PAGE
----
The Recognitions – William Gaddis


The word “recognition” (in various forms) appears eighty-one times in the text of William Gaddis’s ‘The Recognitions’.

This information is captured in the wonderfully detailed ‘A Reader’s Guide to William Gaddis’s The Recognitions’ by Steven Moore – available to read online here. A great resource with detailed annotations on the text, synopses and links to a raft of material about the novel. I do not intend to add anything of substance to the various material that is already widely available about this neglected, underappreciated, challenging but important book, nothing more than to look at one other form of “recognition” …the mirror.

Whilst I did not count the number of mirror references in the text (and I plan to do so upon a re-reading), I would estimate that it is more prevalent than the appearance of the word “recognition”.

A mirror, a distorted recognition;

And reversed, the mirrors? Backwards, like a contact print. Exactly like, and yet a perfect lie. (p335)

As the Steven Moore reader’s guide summarises;

Gaddis’s first novel takes the form of a quest.  In a carefully wrought and densely-woven series of plots involving upwards of fifty characters across three continents, we follow the adventures of Wyatt Gwyon, son of a clergyman who rejects the ministry in favor of the call of the artist.  His quest is to make sense of contemporary reality, to find significance and some form of order in the world.  Through the pursuit of art he hopes to find truth.   His initial “failure” as an artist leads him not to copy but to paint in the style of the past masters, those who had found in their own time and in their own style the kind of order and beauty for which Wyatt is looking.  His talent for forgery is exploited by a group of unscrupulous art critics and businessmen who hope to profit by passing his works off as original old masters.   As the novel develops, these art forgeries become a profound metaphor for all kinds of other frauds, counterfeits and fakery: the aesthetic, scientific, religious, sexual and personal.  Towards the end, Wyatt wrenches something authentic from what Eliot called “the immense panorama of futility and anarchy which is contemporary history.”   The nature of his revelation, however is highly ambiguous and is hedged about by images of madness and hallucination, which disturbs simple distinctions between real and authentic, between faiths and fakes.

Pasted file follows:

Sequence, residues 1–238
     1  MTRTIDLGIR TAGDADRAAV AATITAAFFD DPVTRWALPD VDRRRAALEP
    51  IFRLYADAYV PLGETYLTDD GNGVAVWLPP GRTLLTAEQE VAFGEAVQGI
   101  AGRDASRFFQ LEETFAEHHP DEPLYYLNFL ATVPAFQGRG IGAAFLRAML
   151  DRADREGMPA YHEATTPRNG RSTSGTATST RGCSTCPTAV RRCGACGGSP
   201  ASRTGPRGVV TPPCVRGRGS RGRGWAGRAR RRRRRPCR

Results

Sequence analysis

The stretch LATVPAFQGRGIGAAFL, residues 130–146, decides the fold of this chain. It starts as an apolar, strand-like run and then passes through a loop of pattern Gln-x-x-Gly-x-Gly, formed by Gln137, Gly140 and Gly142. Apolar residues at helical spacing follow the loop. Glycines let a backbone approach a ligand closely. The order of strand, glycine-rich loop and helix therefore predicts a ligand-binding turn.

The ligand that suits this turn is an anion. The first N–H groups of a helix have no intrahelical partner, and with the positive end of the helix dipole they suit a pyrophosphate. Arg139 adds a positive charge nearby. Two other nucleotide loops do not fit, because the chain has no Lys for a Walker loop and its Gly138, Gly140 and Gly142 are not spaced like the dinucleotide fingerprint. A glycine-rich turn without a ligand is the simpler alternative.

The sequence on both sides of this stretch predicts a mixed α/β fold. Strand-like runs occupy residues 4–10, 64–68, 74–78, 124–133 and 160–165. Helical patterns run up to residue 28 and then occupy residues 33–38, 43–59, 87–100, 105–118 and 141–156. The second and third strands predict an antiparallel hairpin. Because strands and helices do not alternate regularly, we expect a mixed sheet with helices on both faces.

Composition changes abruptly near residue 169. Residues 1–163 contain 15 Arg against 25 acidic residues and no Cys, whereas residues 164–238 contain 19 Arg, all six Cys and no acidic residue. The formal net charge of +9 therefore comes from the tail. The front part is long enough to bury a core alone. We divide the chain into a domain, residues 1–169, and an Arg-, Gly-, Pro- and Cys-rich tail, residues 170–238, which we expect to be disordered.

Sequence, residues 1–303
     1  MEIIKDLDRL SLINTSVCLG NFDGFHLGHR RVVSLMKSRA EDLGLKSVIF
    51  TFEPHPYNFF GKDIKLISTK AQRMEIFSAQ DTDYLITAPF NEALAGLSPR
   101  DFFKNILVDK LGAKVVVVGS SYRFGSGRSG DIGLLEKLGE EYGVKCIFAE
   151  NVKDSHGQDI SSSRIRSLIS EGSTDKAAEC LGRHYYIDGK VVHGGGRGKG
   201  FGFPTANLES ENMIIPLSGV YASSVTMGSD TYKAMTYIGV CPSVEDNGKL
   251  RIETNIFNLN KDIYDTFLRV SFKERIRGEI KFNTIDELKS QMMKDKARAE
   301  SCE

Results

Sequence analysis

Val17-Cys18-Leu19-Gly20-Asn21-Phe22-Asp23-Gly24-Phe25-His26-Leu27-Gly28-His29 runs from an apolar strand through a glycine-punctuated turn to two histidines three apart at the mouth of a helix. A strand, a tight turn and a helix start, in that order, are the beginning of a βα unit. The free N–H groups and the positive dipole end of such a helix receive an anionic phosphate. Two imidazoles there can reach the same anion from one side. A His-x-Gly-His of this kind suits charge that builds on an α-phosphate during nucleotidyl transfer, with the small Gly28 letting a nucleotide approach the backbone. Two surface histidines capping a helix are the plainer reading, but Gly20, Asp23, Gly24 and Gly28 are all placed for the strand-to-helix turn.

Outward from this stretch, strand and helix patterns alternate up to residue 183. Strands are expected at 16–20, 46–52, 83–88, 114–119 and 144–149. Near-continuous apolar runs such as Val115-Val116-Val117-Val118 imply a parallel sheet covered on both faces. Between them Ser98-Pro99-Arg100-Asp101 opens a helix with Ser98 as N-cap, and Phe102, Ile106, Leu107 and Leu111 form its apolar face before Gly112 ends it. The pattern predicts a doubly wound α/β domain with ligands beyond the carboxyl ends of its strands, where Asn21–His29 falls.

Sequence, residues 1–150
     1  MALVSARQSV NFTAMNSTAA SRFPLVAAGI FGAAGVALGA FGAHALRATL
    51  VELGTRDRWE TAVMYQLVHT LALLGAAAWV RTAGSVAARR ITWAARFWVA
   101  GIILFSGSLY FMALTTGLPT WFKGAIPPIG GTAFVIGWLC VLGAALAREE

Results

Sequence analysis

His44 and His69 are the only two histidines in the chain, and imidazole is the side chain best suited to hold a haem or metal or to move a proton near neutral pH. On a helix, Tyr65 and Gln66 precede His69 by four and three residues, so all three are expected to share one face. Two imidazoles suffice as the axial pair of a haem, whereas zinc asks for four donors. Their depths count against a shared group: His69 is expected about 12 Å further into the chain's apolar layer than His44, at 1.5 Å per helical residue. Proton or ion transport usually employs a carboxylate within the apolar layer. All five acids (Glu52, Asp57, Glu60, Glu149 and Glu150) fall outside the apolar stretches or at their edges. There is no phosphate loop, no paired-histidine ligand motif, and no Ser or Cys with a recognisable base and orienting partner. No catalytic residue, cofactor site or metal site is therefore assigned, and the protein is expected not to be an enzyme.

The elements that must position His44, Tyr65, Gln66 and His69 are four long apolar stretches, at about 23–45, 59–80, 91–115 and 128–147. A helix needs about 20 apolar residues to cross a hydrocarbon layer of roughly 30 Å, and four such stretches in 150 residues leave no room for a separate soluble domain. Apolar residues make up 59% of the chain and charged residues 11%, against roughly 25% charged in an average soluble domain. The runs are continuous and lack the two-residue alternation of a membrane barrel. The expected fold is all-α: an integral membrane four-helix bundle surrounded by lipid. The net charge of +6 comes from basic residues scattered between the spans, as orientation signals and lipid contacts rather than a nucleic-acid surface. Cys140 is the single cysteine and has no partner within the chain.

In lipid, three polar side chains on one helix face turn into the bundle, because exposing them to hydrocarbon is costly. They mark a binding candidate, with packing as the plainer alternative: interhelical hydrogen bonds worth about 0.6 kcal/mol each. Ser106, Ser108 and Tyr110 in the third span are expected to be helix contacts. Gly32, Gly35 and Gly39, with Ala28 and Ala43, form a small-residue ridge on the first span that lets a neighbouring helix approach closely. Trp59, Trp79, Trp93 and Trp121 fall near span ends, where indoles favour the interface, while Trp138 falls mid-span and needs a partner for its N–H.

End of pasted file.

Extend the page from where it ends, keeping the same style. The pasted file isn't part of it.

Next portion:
Wyatt’s forgeries being painted using a mirror, to reverse the image of the sitter, she can be recognised but “backwards…a perfect lie.” Another metaphor for the “distinctions between the real and authentic, between faith and fakes.”

Then she walked over to where to hinged mirrors stood against another wall, turned them open and closed them again quickly.
–You . . . she said again looking back to the bed, for she’d turned quickly.
There on the floor at her feet was a drawing, it was a meticulous self-portrait, and she took a step before she saw it, saw it was not a detail of brushwork that is, and leaned down to pick it up. –You. she said, –all upside down. Then she righted it and repeated, –all upside down.
She stood there staring somewhere between the bed and the drawing as though a hand were on her; and then turned and pulled the mirrors again. She cocked a leaf open with the toe of her right foot, holding the picture up with effort as though it were a great weight, and looked at the prompt emergencies, settling her eyes on the even image, the same that she held in her hands; then raised her eyes to the second image of her own face, and let the leaf go closed with a clap, so that a part of it broke out and fell to the floor separating as soon as it sounded, to reflect the glare of the bulb in the ceiling back, in shapes of breakage, to the ceiling. (pgs 468-469)

Characters not only observe through broken mirrors, they watch via mirrors in bars undetected, they pause to contemplate their own faces. Mirrors, a fraudulent recognition, fakery…

–did you bring your great Mirror?
–Mirror . . . ?
–There now, it’s not easy to transport, I imagine. The great mirror in which you can see all that goes on in your kingdoms. (p410)

A book that deserves re-reading and re-reading, however I’ll tackle his other works, ‘JR’, ‘Carpenter’s Gothic’ and ‘A Frolic of his Own’ before I head back to this amazing work … analogous to a religious experience…

…as he passed the mirror himself in both directions, where he might have glimpsed the face of a man having, or about to have, or at the very least valiantly fighting off, a religious experience. (p900)

Close to 1,000 pages and not a single regret having encountered them.


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